On this day in 1931 the Prohibition era mobster who was a close associate of Arnold Rothstein was finally killed by hitmen after 15 years of evading multiple attempts on his life.
He was aged just 34 at the time of his death.
To provide his bars with alcohol, Diamond and his team held up booze trucks, and he was known for making rapid getaways, which got him the nickname of “Legs.” One of his main rivals of the Prohibition era was Dutch Schultz, as Jack Diamond was overseeing bootlegging operations in Manhattan but Schultz wanted to expand his own rackets from out of the Harlem area into Diamonds area. At the time Schultz was getting into trouble with many other gangs in and around the city.
Diamond survived many events that could have seen him lying in a coffin as young as 19 years old, but somehow he managed to get up and walk away every time.
Dutch Schultz even stated:
“Ain’t there nobody that can shoot this guy so he don’t bounce back?”
On October 12, 1930, Diamond was shot and wounded at the Hotel Monticello on the west side of Manhattan. Two men forced their way into Diamond’s room, shot him five times, and then fled. Still in his pyjamas, Diamond staggered out into the hallway and collapsed.
When asked later by the New York Police Commissioner how he managed to walk out of the room, Diamond said he drank two shots of whiskey first. Diamond was rushed to the Polyclinic Hospital in Manhattan, where he eventually recovered. On December 30, 1930, Diamond was discharged from Polyclinic.
On April 21, 1931, Diamond was arrested in Catskill, New York on assault charges for the Parks beating in 1930. Two days later, he was released on $25,000 bond from the county jail.
On April 27, 1931, Diamond was again shot and wounded, this time at the Aratoga Inn, a road house near Cairo, New York. Diamond was eating in the dining room with three companions when he walked out to the front door. A gunman with a shotgun shot Diamond three times, and Diamond collapsed by the door. A local resident drove Diamond to a hospital in Albany, New York, where he eventually recovered.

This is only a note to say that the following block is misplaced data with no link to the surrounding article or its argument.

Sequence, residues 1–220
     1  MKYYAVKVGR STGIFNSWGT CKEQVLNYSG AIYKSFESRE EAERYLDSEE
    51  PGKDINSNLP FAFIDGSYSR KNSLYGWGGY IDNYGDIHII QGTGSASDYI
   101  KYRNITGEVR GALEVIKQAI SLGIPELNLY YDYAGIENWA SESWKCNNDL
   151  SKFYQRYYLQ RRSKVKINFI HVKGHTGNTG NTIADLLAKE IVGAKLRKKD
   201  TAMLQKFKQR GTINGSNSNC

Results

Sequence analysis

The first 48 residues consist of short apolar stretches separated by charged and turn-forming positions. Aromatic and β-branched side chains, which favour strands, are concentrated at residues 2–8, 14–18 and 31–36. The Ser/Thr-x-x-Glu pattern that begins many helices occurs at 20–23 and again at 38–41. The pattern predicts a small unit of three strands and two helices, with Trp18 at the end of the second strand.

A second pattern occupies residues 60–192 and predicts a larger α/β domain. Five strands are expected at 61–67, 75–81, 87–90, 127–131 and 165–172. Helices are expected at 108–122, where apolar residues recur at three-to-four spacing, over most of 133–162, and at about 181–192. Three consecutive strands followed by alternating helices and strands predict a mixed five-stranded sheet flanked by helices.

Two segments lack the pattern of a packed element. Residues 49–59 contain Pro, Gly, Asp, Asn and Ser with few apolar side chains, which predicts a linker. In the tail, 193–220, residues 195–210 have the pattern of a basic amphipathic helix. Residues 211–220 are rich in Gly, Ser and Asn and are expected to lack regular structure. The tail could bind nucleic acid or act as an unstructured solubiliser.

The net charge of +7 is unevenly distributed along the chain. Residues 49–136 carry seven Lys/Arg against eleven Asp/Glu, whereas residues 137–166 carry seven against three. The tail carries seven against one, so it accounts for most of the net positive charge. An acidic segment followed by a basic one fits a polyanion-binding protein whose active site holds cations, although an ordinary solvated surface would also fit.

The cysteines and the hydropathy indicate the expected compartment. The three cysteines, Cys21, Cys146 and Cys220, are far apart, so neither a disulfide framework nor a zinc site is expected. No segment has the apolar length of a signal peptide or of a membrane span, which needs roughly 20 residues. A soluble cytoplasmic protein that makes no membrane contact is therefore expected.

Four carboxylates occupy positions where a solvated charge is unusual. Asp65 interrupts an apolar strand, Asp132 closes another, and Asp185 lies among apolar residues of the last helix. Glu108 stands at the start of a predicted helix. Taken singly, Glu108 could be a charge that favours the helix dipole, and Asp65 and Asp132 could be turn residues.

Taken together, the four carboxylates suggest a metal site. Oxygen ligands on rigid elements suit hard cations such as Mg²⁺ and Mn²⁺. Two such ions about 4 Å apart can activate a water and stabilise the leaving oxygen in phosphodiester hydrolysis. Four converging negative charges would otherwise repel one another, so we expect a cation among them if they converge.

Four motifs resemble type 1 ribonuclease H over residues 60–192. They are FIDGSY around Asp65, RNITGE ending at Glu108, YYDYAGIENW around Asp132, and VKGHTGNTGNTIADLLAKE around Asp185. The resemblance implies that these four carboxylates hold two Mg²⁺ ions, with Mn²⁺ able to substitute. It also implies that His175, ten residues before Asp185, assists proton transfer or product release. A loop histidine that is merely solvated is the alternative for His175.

While Diamond was still in the hospital, New York State Troopers on May 1 seized over $5,000 worth of illegal beer and alcohol from Diamond’s hiding places in Cairo and at the Aratoga Inn.
In August 1931, Diamond and Paul Quattrocchi went on trial for bootlegging. That same month, Diamond was convicted and sentenced to four years in state prison. In September 1931, Diamond appealed his conviction.
Finally, a few months after the trial Diamond time would come to an end.
Jack Diamond had been staying in a rooming house in Albany, New York while on trial in Troy, New York on kidnapping charges. On December 17, Diamond was acquitted. That night, Diamond, his family and friends were at a restaurant. At 1:00 am, Diamond went to visit his mistress, Marion “Kiki” Roberts.
At 4:30 am, Diamond went back to the rooming house and passed out on his bed.
Two gunmen entered his room around 5:30 am. One man held down Diamond while the other shot him three times in the back of the head.
There has been much speculation as to who was responsible for the murder; likely candidates include Dutch Schultz, the Oley Brothers, the Albany Police Department, and relatives of Red Cassidy, another Irish gangster at the time.